When Scott Singer and Mary Jo Romano decided to renovate their home in Norwalk, Connecticut, they wanted to lower their electric bills. So they tapped into the power of the sun, adding several sets of French doors and large windows to the south side of the house to capture solar gain and bring in more natural light.
“We used glass that was well-insulated, with high R-values,” Singer says. “To control light and heat, we use room-darkening shades on the huge bedroom windows.”
In common rooms, they used translucent shades, which will let light in but help slow heat transfer. “Our house faces southeast, so on winter mornings, we lift up all the shades. This allows the low sun to come in and light and heat the home. In summer, we put the shades down in the morning to block the heat from streaming in those big windows, but we raise them up later in the day when the sun is high,” Singer says.
Shortly after the renovations were complete, the family heard that their electric company was offering free compact fluorescent lightbulbs (CFs) to its customers. “So we got our first batch,” says Singer. “Over time, we swapped out most of our lights that weren’t on dimmers.” In the kitchen alone, they replaced ten 65 W incandescents with 13 W CFs. “That’s going from 650 watts to 130 watts, and that’s just one room,” he says.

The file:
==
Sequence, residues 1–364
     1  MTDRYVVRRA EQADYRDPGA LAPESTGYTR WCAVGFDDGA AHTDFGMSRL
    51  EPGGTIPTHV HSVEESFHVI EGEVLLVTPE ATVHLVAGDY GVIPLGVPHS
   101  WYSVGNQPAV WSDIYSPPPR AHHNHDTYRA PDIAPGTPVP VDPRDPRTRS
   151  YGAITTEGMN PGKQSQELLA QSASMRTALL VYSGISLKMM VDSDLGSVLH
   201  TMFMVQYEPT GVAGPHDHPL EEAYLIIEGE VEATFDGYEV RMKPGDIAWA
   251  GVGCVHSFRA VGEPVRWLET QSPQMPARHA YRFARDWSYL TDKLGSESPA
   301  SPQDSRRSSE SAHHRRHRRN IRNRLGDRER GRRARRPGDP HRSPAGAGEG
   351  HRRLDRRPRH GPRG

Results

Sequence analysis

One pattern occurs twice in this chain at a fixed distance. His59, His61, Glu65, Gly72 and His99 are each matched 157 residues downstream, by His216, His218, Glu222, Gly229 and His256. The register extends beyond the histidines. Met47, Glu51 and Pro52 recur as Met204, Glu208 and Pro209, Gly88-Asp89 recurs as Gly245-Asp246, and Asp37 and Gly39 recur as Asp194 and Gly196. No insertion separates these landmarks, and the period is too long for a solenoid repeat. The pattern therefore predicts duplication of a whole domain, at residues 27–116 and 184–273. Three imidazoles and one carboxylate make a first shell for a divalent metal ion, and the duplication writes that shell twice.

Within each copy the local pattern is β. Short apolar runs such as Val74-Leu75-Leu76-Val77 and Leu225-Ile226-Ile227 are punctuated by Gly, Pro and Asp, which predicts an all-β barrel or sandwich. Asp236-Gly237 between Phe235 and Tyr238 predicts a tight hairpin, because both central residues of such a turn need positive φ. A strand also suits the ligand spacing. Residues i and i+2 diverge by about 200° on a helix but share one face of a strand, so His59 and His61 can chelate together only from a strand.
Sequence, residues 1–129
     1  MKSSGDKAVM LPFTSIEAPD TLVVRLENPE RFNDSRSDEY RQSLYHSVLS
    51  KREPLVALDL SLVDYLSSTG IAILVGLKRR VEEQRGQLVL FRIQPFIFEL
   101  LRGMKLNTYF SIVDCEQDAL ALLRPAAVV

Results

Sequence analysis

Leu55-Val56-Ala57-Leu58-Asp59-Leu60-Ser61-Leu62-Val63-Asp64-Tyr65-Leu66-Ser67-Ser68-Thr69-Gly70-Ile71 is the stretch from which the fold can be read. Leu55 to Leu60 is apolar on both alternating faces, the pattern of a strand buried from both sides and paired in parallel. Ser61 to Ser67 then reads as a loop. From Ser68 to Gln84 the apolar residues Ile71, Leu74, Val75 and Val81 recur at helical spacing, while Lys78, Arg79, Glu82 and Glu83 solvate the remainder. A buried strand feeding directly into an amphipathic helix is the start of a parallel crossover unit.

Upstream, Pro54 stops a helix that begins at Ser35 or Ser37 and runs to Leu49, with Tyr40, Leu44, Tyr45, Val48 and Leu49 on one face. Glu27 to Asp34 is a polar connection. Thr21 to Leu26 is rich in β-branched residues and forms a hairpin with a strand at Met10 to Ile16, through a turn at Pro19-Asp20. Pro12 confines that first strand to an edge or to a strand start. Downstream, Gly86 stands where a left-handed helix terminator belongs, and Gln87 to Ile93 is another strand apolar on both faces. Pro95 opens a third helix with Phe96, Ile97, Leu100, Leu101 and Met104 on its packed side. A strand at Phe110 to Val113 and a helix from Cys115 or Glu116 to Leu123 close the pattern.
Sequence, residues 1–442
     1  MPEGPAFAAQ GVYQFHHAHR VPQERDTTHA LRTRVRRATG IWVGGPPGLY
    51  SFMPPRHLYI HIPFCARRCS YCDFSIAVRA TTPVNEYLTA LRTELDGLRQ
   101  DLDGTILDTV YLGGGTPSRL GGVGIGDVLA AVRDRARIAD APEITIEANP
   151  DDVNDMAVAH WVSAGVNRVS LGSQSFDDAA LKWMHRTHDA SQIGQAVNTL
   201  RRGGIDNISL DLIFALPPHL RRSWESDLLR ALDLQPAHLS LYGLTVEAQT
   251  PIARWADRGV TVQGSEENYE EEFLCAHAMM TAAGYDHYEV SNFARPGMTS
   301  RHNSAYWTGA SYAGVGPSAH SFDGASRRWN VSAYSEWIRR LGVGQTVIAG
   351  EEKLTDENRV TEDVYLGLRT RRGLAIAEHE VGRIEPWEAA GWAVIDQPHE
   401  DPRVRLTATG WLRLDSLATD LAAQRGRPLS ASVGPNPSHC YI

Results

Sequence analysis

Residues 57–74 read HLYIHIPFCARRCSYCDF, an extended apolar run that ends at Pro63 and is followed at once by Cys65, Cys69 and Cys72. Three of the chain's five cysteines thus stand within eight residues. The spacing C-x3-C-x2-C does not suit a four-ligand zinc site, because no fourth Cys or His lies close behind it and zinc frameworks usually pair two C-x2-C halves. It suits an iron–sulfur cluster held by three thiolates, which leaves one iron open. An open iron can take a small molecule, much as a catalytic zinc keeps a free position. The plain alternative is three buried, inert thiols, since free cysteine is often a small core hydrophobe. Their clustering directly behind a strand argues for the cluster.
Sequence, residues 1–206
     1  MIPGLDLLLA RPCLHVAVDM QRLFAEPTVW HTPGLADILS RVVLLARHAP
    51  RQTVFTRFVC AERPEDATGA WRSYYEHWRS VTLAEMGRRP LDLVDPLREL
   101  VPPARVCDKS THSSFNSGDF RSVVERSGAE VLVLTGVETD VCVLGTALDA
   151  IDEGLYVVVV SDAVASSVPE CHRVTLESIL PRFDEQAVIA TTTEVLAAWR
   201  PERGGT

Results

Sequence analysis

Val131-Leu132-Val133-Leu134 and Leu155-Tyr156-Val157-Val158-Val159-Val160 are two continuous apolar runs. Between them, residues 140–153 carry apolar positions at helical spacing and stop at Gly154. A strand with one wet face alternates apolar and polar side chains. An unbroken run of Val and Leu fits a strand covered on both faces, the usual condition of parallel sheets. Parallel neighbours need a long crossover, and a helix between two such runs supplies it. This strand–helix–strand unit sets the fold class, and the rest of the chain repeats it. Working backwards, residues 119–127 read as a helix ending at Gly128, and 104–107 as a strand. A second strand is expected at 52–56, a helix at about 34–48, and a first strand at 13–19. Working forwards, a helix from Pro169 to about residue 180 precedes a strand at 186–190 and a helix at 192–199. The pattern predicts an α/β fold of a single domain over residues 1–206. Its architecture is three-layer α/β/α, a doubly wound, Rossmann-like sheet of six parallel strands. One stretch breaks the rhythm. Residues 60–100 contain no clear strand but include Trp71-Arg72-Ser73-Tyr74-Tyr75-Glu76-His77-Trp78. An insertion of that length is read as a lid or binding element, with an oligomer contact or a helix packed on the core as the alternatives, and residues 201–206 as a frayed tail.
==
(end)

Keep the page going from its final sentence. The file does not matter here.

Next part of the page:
The Singer-Romano household is now almost exclusively using CFs, and between that technology and reduced need for artificial lighting during the day, they are seeing the savings.
Singer’s one regret? Not installing solar tubes, which can provide natural light in rooms that have few or no windows. Installed through the roof and into interior spaces, solar tubes can be an easy addition during new construction and a fairly straightforward retrofit project (see “Designing with Daylight” in HP109 and “REview: SunPipe Light Tube” in HP118). Plus, solar tubes can bring daylight into homes without compromising the home’s thermal envelope.
Enlightened Energy Savings
When Scott Singer first began changing to CFs, he also changed some dimmer switches to standard switches, since quality dimmable CFs weren’t widely available. But dimming capability is helpful for mood lighting, flexibility, and saving energy. The more you dim, the more you save, and the longer your bulbs last. Halogens and many LEDs work great on dimmers, and if you do have incandescents, by all means, dim them.
Installing occupancy sensors and timers makes a good, cheap DIY project that can slash your electric bills. Put motion sensors in your garage, porch, hallway, and bathroom, and you’ll never have to worry about leaving the lights on again.
If you have DC power available, low-voltage lighting requires less energy; plus, the bulbs will last longer.